United States Patent'".Office
This invention relates to apparatus for heating, subsurface geological deposits in. situ in their natural condition in the ground for the purpose of recovering valuable substances in liquid and/or gaseous state. Examples for sub-surfaces deposits in consideration are. shale strata, tar sand layers and sulphur deposits.
It is known in prior art to perform the heating by means of vertical holes or channels bored down from,the surface on the earth into or otherwise produced in the deposit to be heated. Said holes or channels are entered toy tubular heating members emitting their heat to. the: surrounding part of the deposit. The heat may be generated in several ways, for example by electricity in the manner disclosed in the French Patent No. 1,013,679. It is also possible to circulate a heat yielding medium such as superheated steam, for example, through the heating, member. A further possibility is to create a combustion in the heating member. This last, alternative is particularly advantageous in the exploitation by heating of fuelcarrying deposits, since considerable quantities of combustible gases generated by the heating process can be used directly as fuel in the continuing heating process. Said gases which otherwise are difficult to employ, in particular if they are of a composition making their condensation difficult, can thus directly come to economic application instead of being burnt in a power plant producing electric energy which roundabout way would cause considerable losses of energy.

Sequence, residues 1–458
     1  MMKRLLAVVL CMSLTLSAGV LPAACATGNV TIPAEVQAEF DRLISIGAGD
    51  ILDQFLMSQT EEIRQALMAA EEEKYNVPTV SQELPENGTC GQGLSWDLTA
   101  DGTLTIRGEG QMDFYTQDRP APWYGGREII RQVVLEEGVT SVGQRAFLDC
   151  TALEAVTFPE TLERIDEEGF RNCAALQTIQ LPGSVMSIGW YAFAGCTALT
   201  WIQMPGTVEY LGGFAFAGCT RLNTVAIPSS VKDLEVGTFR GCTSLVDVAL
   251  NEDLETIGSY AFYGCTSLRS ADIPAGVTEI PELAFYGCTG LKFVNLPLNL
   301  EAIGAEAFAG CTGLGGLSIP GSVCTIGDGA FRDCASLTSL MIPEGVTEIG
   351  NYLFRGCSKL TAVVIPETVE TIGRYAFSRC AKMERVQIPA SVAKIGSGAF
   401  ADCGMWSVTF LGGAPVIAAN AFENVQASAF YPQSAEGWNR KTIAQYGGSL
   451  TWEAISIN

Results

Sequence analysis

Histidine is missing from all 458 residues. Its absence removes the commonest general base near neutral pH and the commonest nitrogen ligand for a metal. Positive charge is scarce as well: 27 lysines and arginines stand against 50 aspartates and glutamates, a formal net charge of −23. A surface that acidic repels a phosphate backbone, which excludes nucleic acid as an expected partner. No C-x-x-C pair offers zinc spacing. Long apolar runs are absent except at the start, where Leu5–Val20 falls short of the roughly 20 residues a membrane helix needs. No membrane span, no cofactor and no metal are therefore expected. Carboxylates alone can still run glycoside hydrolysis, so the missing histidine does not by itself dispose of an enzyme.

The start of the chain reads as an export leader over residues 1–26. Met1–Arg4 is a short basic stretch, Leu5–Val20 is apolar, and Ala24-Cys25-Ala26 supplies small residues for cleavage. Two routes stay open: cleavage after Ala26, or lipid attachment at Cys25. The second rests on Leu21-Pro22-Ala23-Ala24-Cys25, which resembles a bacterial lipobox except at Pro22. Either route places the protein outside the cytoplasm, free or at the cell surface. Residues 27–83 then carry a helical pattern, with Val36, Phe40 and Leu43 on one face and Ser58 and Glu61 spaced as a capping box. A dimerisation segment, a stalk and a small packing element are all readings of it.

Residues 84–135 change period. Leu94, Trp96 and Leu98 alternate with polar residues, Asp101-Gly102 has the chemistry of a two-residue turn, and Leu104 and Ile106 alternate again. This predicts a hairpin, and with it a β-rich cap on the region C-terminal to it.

When placing a conventional gas burner in the tubular heating member to be heated by combustion, the distribution of heat along the wall surrounding, or outer casing of the member will become very unequal, the portion adjacent the flame generated in the combustion becoming much more heated than other wall portions. In the heating of deposits or strata in their natural condition it is a desideratum that the whole part of the heating member located in the deposit or stratum to be treated is heated to at least approximately. the same temperature. In order to accomplish such equal distribution of heat generation of a plurality of flames on different levels has been proposed in the above cited French patent. It has proved difficult, however, to attain for each: flame the. most appropriate proportion between the quantities supplied of gaseous fuel and combustion-sustaining medium such as air or oxygen.
In order to overcome said inconvenience, one primary object of the invention is to provide a heating apparatus of the type specified with means for supply of fuel and combustion-sustaining medium to each flame in suitable proportions for ensuring a combustion by which the wall of the heating member is heated uniformly over a predetermined length.
A further object of the. invention is. to provide an ap
paratus of the type specified with means adapted to produce thorough intermixture of gas and combustion-sustaining medium supplied to each of the flames in order to ensure complete combustion.
Further objects and advantages of the invention will be apparent from the following description considered in connection with the accompanying drawings which form part of this specification and of which:
Fig. 1 is a side view of an apparatus embodying the invention, part of the outer wall or casing being cut away.